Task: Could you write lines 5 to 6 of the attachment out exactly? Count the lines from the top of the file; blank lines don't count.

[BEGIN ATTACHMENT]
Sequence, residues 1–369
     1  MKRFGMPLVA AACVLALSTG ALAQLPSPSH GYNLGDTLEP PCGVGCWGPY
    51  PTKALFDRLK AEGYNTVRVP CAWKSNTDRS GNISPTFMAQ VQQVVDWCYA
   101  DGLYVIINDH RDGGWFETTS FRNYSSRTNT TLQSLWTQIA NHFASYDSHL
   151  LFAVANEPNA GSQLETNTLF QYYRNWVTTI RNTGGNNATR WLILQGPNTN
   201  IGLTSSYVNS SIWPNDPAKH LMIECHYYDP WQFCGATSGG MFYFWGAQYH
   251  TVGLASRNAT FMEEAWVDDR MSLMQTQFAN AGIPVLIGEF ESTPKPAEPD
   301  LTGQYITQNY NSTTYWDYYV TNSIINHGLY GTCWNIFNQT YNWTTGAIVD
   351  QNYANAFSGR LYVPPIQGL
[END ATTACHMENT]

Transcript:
   151  LFAVANEPNA GSQLETNTLF QYYRNWVTTI RNTGGNNATR WLILQGPNTN
   201  IGLTSSYVNS SIWPNDPAKH LMIECHYYDP WQFCGATSGG MFYFWGAQYH